Hello, dear Victoria! Do you know what Jo cited there? I refer to this as the formal definition: http://www.ivu.org/history/world-forum/1951vegan.html What do you see `reverence for life` as adding that was not discussed in the 1951 definition statement?
As to the coining of the word vegan, here is some interesting background: https://veganplace.wordpress.com/2014/05/26/remembering-donald-and-dorothy/ Patricia Tricker, who attended the funeral, told me the story of the dance. Earlier, I’d always thought Donald invented the word.
Will you be at Summerfest? I hope so.
Lee, you asked:
“What do you see `reverence for life` as adding that was not discussed in the 1951 definition statement?”
Thank you for your question.
While I highly value the newer definition of veganism (seen at the VEGANISM DEFINED link you provided), it may be argued that the understanding of reverence for life IS NOT clearly represented therein. In fact, the words on the page could easily be taken as supporting a human species hierarchy, with humans at the top and the other animal species placed as underlings, in relative positions of value; whatever is commonly accepted in modern societies. (This is something akin to what Meg said in her quote above. We could call this ranking system speciesist, if you like. Surely we both know self-proclaimed vegans who are speciesist.) Thus VEGANISM DEFINED wholly fails to address the key point(s) of the principle and practice of reverence for life. That’s like leaving out half the story. In speaking of reverence for life, Schweitzer wrote that, “To the truly ethical man, all life is holy, even that which appears to us from the human standard as the lowest.” Thus authentic veganism seeks not only to end the exploitation of animals by man, but at the same time embraces reverence for life, in which the practicing vegan recognizes ALL life forms as having value; there is no such thing as worthless life. That means life inside of the womb and outside of the womb; in times of war and in times of peace. Life in a state of self-awareness/consciousness or life in a state of coma. We are to consider the value of life to the smallest flea as much as the value of life to the largest elephant. Domesticated or free living, white or black, female or male, secular or religious, friend or enemy; whatever label, category, or excuse we construct and uphold, authentic veganism calls for a realization that no life is worthless.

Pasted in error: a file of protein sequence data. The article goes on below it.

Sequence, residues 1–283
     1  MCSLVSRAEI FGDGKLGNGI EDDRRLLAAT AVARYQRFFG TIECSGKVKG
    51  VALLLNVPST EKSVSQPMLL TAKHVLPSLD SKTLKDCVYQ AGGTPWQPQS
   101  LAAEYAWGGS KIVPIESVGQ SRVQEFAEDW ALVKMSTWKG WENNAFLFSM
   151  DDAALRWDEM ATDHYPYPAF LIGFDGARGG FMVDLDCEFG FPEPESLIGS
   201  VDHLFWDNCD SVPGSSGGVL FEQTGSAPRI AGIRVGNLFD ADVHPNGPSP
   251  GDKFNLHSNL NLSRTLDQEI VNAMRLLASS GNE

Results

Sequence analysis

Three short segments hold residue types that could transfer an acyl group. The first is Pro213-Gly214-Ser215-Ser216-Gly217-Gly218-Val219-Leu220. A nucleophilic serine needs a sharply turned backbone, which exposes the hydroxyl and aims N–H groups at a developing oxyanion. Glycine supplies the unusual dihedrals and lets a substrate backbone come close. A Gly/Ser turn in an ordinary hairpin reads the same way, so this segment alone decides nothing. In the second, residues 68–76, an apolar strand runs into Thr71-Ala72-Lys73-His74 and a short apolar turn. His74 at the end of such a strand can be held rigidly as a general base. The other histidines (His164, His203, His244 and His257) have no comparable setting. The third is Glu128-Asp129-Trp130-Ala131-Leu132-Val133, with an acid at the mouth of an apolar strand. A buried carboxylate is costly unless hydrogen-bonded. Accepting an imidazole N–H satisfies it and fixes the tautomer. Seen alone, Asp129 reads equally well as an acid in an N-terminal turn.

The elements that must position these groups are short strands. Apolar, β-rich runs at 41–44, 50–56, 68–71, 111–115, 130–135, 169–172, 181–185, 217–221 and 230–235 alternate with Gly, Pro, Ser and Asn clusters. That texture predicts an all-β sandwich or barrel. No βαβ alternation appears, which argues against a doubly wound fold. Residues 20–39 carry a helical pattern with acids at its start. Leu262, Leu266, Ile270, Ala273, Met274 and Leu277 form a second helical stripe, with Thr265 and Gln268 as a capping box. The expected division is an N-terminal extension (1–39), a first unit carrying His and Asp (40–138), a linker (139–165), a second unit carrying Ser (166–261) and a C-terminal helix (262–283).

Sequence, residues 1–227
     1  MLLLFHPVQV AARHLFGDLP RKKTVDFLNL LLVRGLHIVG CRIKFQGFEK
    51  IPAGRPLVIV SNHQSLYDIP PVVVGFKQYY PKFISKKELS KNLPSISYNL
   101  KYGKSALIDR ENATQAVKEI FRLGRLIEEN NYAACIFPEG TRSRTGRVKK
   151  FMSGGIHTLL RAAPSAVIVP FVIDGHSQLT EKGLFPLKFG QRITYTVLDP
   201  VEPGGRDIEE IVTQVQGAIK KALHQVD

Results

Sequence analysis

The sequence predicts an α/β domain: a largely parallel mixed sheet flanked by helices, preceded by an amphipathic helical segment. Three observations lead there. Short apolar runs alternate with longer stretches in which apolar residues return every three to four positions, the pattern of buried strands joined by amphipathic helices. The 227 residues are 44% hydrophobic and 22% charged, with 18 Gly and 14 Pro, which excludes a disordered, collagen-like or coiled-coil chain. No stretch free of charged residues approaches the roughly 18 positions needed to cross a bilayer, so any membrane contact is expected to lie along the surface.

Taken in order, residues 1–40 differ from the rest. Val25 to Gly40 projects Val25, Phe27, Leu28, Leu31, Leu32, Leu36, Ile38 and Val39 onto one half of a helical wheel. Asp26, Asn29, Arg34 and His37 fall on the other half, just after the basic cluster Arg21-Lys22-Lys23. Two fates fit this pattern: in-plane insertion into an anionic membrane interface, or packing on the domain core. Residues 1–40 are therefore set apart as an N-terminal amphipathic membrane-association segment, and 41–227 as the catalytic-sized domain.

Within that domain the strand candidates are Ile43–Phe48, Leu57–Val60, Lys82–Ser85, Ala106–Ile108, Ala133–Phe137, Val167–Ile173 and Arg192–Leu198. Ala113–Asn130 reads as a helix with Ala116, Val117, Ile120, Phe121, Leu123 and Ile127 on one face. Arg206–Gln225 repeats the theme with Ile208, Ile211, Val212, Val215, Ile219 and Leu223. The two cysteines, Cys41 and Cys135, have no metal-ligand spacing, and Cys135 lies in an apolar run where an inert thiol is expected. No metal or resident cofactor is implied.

For those unfamiliar with Dr. Albert Schweitzer, I’ll mention here that he was a French Theologian, philosopher, and missionary physician, to name but a few admirable positions and interests he had. He lived from 1875 to 1965. It has been noted/recorded that the early founders and members of The Vegan Society (UK) were strongly influenced by Dr. Albert Schweitzer’s writings regarding reverence for life, a phrase he originated. They had an in-depth understanding and respect for the ideas Dr. Schweitzer put forth, whereas most every vegan today does not. Obviously, Dr. Schweitzer is not as well known today as he was when The Vegan Society was formed. I ask: How many vegans do you know of that have read Schweitzer’s work titled Reverence For Life? I know of none. If it is true that the bulk of vegans haven’t read it, then how could they understand reverence for life to the degree that those who first coined the term “vegan” did? So, while the newer definition of veganism that you favor does have high merit, perhaps it should be presented hand-in-hand with the original, to make it perfectly clear that reverence for life has not been tossed aside (or worse yet, censored) but is quite possibly the better half of the whole.
I hope that answers your question.
P.S. No Summerfest for me this year, if things continue to go as they have been. Thanks for asking, Lee. Will miss SF — and you — very much. I’m all the wiser for knowing you and what you’ve shared in your presentations and personal correspondence over the years. Truly I am humbled and grateful.